Ruth in chapter five of the book “The Sisterhood of Widows” couldn’t really believe her husband was dead as per this paragraph:
“When we were leaving the funeral parlor I asked, “Where’s Andrew?” Then I thought ‘Oh my God’, look what I just said.’ I was so used to having him beside me. It was like a bad dream and I thought I would wake up and everything would be the way it was before.”
When did your denial begin? Most of us don’t talk about death in our everyday conversations. After all why would we when everyone is healthy? But by now, a terrible reality has come into your life and nothing has prepared you for that last visit and then they are gone. And when it happened, you find yourself in denial – “It can’t be”.
There is a period of time when we know they are gone but in our heart we just don’t feel it can be true. Maybe that denial is necessary to get us through the outpourings of sympathy, the paperwork and the funeral.
In the early period of your grief journey you may leave your loved one’s voice on the answering machine like the widow in chapter three:
“While I waited I found a box of Kleenex in the car and I just started cleaning everything inside and out. I was so high strung and scared that I called home three times and got Jack’s voice each time. That’s why it hasn’t been changed because I didn’t want to lose it. I thought that I’m never going to hear his voice again and I find it comforting. Jack says “Sorry can’t come to the phone right now” and it seems like he is talking to me. I think I will try to get a copy of his voice. If I feel lonesome I know I can call up and hear him. It’s been almost two years and his voice is still on the answering machine telling the callers to leave a message.”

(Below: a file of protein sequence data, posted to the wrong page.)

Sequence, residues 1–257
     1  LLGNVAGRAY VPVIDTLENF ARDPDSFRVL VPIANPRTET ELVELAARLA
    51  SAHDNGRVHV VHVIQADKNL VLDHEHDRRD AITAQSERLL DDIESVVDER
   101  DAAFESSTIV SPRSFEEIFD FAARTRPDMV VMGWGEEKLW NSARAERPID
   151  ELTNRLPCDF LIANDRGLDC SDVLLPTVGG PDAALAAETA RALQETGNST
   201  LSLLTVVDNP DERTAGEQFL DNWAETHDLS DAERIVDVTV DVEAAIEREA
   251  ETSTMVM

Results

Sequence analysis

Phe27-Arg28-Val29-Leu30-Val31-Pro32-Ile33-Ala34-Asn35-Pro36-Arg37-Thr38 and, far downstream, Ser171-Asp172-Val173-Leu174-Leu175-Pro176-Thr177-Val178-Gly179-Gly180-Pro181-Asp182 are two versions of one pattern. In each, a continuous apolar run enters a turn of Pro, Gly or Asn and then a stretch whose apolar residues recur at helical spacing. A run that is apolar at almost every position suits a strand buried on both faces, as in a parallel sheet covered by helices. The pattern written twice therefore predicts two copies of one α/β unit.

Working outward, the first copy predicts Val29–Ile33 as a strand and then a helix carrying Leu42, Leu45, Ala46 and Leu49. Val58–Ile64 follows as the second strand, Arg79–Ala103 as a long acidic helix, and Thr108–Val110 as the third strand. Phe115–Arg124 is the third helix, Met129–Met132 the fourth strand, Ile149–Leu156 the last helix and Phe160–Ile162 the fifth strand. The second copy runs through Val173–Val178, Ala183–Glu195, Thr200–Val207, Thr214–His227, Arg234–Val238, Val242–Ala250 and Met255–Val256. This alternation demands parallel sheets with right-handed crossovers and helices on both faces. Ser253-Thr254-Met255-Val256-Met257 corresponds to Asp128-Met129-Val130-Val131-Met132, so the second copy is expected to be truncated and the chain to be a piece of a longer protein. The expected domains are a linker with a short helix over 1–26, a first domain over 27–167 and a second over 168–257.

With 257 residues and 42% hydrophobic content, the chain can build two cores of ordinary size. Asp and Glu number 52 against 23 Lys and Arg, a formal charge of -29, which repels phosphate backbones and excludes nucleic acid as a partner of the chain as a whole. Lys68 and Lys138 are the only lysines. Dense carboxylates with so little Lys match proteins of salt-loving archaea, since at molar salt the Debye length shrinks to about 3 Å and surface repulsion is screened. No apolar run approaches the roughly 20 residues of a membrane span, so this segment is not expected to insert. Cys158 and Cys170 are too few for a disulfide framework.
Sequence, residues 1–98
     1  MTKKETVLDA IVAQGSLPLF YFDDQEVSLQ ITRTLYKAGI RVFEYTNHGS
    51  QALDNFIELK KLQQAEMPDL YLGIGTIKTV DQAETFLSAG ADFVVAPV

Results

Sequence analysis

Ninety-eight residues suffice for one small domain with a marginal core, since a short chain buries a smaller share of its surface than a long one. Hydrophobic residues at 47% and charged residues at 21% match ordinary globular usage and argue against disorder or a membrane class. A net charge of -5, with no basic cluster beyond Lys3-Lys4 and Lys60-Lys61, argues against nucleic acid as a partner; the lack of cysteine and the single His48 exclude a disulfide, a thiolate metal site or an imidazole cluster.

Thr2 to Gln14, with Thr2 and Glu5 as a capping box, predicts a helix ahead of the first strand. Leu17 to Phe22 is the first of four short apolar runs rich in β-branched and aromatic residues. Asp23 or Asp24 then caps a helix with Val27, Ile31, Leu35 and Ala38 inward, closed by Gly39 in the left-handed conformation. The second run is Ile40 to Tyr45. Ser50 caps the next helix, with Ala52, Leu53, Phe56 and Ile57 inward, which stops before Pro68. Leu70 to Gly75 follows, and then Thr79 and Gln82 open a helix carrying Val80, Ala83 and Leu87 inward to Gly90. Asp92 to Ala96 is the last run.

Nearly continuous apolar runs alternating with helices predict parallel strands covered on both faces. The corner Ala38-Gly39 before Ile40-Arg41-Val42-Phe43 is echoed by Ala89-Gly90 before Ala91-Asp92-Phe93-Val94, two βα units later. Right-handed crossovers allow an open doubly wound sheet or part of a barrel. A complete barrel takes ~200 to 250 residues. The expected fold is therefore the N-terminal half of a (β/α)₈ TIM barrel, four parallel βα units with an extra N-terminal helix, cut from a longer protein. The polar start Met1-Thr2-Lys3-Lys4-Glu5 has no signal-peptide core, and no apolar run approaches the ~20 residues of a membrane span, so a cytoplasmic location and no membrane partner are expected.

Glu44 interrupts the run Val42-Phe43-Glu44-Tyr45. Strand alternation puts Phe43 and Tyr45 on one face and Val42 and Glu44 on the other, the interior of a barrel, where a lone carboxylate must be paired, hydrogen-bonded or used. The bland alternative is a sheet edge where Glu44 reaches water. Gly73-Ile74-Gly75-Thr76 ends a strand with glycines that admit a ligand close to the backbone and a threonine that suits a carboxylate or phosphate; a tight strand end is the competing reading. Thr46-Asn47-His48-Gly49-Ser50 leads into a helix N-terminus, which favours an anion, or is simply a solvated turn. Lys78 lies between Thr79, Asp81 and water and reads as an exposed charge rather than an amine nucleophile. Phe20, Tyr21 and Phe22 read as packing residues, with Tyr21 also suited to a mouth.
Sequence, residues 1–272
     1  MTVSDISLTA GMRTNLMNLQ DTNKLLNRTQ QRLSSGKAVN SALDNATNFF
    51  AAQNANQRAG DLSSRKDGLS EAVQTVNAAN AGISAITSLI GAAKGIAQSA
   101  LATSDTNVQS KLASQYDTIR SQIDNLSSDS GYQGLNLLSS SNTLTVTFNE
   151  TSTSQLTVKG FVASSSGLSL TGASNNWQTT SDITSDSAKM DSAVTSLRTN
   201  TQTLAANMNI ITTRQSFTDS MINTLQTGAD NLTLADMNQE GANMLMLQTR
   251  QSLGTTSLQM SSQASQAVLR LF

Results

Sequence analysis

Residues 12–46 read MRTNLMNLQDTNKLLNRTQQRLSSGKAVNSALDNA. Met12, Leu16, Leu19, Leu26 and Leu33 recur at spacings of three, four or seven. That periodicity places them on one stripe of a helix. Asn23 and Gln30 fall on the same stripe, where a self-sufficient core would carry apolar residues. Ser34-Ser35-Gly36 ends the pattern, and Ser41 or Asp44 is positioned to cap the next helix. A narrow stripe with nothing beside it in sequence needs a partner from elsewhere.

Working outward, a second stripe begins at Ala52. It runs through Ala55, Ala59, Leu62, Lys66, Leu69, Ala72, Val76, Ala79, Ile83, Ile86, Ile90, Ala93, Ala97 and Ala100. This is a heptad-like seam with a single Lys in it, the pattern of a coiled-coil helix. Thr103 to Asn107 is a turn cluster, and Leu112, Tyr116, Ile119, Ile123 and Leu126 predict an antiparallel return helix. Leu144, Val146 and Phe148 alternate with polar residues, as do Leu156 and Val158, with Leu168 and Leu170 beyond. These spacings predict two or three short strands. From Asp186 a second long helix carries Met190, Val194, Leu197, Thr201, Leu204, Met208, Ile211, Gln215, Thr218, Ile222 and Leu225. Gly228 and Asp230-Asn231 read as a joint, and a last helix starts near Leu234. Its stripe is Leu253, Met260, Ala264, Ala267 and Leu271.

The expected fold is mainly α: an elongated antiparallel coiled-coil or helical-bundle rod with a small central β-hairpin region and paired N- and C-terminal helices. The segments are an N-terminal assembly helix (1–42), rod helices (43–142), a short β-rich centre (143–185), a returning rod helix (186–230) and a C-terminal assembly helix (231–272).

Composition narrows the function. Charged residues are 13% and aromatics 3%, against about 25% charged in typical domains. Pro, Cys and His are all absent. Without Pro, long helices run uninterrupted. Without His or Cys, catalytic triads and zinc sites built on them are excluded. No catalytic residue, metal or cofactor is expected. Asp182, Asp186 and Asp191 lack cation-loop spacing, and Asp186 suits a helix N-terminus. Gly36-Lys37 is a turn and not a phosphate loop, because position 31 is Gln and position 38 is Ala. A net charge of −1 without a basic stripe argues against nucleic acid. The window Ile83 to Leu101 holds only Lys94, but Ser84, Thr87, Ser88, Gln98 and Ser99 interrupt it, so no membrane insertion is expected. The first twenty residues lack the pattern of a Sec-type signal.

Be kind to yourself, you are doing the best that you can and you will deal with reality as your grief journey progresses. Every widow travels the grief journey in their own way.